Meth driving crime spree in Hot Springs
Daily Inter Lake | March 19, 2020 10:07 AM
Even the small town of Hot Springs is not immune from the ravaging effects of dangerous drugs such as methamphetamine.
The town, located in east-central Sanders County, boasts a population of about 550 people.
Those that don’t live there come from near and far for the recuperative hot springs.
But others are there because they think they can make some easy money.
A number of businesses and residences have either been broken into or attempts have been made. In one instance, thieves walked into one location and carted off an ATM machine.
Someone tried to break into a hardware store, but metal bars meant only broken glass, no loot.
“It’s pretty scary managing a business,” Gambrel’s Hardware owner Aaron Beerntsen said. “My personal storage unit was broken into, too.”
Beernsten said what many locals said about the crimes.
“I’m sure it’s local people, drug-related crime,” Beerntsen said.
Hot Springs Police Chief Eric Pfleger, in his position since 2013, said there is nothing new on the investigations into the break-ins.
“We’re still investigating,” he said. “We’re working to try and get people to secure their properties better, keep things locked.
“From the standpoint of protecting property, it’s hard to do,” Pfleger said. “We’ve had a number of car break-ins recently and in every one of them, the vehicle wasn’t locked.”
Many in town wish the police department was bigger, but with a limited tax base, it’s not likely to happen anytime soon.
“It’d be good to have more officers,” Beerntsen said.
“When I came here in 2013 there were three full-time officers,” Pfleger said. “Now, there’s me, Officer Logan Martin and one part-time officer who is able to work maybe one shift a month.”
Symes Hot Springs Hotel and Mineral Baths, Fergie’s Pub and Grill and PJ’s Café were also targets of thieves.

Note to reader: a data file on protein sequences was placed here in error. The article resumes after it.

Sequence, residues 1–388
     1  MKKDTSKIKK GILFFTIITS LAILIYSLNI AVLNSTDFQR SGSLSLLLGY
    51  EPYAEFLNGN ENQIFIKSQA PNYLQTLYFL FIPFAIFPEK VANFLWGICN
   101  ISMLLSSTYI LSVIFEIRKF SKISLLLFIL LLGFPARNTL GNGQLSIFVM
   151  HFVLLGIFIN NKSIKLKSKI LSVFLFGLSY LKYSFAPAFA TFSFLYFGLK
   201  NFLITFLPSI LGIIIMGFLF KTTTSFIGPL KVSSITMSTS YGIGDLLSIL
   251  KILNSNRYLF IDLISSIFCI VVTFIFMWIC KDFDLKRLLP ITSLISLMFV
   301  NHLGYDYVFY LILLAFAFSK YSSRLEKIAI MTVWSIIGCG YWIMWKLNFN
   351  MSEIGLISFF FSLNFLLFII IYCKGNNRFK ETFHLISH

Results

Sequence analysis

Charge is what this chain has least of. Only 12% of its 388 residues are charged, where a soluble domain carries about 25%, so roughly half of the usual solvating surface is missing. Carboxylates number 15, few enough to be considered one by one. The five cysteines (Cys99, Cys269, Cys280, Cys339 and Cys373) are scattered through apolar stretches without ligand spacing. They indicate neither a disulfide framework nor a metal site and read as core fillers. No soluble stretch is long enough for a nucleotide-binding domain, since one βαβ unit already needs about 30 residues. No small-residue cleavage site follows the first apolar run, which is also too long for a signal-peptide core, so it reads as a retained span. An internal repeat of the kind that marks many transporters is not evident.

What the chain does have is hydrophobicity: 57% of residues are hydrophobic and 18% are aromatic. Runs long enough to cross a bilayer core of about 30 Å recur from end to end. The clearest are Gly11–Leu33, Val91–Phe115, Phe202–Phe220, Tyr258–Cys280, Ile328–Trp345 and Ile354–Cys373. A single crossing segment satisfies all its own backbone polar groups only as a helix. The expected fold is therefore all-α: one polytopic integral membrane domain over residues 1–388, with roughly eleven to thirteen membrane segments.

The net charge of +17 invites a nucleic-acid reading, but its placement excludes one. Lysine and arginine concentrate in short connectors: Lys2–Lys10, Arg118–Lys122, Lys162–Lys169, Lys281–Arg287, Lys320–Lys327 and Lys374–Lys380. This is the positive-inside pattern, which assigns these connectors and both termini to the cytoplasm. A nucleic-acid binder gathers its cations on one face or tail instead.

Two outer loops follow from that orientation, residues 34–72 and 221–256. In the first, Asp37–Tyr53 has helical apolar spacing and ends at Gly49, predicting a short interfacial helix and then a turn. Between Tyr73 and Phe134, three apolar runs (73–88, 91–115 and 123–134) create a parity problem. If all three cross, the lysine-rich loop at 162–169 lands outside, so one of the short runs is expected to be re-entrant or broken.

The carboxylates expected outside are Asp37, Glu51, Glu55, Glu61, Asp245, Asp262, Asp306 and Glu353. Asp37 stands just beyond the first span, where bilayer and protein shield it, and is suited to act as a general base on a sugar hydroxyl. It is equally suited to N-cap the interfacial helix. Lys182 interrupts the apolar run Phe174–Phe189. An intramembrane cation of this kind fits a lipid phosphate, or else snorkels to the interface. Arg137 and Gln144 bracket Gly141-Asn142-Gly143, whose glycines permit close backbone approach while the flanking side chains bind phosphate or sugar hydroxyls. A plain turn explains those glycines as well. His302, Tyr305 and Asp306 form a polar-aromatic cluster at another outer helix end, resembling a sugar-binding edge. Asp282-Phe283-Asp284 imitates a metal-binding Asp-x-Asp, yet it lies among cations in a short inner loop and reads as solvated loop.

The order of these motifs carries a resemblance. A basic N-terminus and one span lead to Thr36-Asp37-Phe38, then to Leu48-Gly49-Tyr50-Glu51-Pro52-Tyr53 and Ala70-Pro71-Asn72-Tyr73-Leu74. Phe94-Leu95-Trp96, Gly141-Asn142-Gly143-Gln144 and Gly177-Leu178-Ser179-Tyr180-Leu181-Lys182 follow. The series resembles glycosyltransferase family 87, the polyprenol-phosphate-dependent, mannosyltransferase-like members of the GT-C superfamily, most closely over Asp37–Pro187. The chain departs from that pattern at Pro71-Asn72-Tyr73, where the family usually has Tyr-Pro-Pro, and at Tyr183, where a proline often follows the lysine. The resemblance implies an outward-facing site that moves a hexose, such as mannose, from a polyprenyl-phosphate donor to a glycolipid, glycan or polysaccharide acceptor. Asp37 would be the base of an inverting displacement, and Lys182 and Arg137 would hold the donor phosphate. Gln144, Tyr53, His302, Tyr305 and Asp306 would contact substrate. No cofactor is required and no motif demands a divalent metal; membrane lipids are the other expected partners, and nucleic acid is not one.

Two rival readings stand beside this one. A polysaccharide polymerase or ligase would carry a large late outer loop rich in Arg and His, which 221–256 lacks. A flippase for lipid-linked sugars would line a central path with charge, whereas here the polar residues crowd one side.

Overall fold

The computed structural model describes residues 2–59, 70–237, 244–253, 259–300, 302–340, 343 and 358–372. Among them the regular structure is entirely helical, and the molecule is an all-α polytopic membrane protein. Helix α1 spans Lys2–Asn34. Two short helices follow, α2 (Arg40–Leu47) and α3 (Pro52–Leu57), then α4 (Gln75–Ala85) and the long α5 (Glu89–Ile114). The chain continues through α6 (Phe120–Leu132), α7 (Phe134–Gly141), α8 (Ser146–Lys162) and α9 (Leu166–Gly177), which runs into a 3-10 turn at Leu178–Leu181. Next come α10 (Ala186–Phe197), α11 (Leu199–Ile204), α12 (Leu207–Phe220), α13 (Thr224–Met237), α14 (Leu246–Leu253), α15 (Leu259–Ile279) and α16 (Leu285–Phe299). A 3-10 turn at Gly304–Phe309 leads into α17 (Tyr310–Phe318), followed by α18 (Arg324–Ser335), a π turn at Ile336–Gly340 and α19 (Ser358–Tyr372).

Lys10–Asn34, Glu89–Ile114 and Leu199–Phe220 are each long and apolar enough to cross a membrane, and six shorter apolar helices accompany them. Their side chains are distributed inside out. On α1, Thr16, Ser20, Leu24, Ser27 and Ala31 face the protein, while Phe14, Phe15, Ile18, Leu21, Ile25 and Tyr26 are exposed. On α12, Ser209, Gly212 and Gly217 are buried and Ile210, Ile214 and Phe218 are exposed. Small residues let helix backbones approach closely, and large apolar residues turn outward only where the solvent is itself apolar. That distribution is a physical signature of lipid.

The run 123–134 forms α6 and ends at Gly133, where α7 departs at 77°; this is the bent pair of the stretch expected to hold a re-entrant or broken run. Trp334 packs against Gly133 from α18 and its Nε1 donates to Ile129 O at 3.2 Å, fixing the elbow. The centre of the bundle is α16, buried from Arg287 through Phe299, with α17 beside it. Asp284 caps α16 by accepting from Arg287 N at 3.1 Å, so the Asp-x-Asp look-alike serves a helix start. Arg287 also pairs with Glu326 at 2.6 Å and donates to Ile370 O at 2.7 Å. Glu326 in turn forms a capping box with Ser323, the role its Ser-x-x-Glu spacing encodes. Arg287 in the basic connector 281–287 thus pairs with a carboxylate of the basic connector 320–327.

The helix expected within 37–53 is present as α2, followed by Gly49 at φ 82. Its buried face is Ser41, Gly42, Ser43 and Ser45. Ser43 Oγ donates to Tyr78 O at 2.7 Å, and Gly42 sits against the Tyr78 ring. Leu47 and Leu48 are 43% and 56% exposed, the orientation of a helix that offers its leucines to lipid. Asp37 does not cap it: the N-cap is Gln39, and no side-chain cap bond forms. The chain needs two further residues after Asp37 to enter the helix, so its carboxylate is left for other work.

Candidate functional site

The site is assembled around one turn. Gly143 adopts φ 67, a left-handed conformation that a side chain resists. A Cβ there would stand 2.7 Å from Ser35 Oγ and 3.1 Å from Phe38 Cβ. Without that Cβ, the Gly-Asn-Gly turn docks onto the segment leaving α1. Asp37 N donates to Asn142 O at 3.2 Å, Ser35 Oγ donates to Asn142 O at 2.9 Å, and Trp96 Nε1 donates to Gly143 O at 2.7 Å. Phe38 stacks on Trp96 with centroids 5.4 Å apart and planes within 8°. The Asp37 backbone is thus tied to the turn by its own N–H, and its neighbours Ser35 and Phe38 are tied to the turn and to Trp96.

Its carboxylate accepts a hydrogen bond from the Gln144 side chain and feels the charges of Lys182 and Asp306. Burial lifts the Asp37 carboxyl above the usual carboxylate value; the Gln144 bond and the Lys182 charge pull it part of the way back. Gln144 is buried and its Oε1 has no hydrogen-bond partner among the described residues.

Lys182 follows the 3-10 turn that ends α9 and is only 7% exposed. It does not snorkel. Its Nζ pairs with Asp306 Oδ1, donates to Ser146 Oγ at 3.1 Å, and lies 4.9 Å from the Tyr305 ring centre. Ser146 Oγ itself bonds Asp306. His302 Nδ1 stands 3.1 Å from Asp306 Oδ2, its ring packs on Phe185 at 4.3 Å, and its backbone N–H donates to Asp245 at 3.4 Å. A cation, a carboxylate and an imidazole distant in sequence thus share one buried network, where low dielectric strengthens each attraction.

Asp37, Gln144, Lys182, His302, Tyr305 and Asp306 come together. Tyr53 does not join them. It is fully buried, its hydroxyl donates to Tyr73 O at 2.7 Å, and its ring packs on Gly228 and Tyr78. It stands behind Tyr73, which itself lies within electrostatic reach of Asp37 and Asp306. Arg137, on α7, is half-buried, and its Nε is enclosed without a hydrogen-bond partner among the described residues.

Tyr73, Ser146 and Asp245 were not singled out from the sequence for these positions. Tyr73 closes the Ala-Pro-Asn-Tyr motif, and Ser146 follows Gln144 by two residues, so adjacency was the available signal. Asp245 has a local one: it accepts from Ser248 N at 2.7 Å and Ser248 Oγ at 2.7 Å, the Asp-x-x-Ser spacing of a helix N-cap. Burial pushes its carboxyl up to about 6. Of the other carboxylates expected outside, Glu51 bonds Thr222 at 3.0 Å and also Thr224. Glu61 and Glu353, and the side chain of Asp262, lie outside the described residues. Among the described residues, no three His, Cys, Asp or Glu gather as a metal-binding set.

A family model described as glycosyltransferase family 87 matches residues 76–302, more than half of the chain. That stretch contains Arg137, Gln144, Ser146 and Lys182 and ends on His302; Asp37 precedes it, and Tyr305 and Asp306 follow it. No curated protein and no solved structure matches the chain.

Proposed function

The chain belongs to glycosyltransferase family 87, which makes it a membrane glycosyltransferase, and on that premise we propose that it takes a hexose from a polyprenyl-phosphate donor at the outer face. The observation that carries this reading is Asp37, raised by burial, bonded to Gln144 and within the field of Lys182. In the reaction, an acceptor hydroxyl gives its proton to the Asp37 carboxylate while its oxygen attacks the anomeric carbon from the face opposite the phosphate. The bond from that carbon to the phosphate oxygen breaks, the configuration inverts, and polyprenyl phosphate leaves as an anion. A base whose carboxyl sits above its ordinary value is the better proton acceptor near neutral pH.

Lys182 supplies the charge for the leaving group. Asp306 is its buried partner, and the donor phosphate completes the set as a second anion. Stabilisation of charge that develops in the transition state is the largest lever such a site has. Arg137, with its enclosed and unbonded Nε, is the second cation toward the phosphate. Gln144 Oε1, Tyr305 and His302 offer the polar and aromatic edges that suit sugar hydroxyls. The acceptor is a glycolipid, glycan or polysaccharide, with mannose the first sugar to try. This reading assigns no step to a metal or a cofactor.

Locals and law officers agree the biggest problem is meth.
“The meth addicts have picked the Flathead (Valley) and Missoula dry and now they’re targeting us,” Pfleger said.
PJ’s Cafe and Fergie’s Pub & Grill have also been targeted.
At Symes Hot Springs, employee Cindy Emmert said she believes the culprits are people who have worked there in the past.
“They know the ins and outs of the place,” Emmert said. “Someone also stole a set of keys for this place from an employee’s truck, so we’re waiting to see…”
Emmert said she moved to Hot Springs from Columbia Falls in 2002.
“Another place I worked when I moved here had an ATM stolen,” she said. “What are the odds?”
Thieves unbolted the machine from the floor at Symes before hauling it away in a wheelbarrow.
When a new ATM machine is installed at Symes, it will be more secure in a old phone booth.
The hotel has also hired security seven nights a week.
“Due to developments in the ongoing burglary investigations, Hot Springs Police Department does not have information we wish to make public at this time,” Pfleger said. “In the meantime, businesses can implement several basic measures that will help harden the security of their establishments.”
Pfleger recommended doing the following things to slow or prevent break-ins:
• Locking doors to prevent public entry at hours that location is not staffed;
• Do not leave unsecured money at location. Invest in a safe or make deposits/remove money during hours of closure.
• Do not allow ‘unknown’ persons claiming to be ‘inspectors’ or other representatives of outside institutions to access your business secure areas without properly identifying them and confirming they are legit;
• Invest in security cameras and alarm systems and use them always.
“If you have financial equipment such as ATM machines, bolting them down and securing them to the building as the factory designed is critical to prevent a situation where you are simply providing a thief with a container to carry away your profits,” Pfleger said.
“Factors regarding the burglaries to businesses in January and February include failure to implement several of the above recommendations in all cases. Additionally when working with law enforcement tasked with investigating cases, it is critical that crime victims do not disclose information through public media or other venues when instructed not to do so as it can compromise investigations.”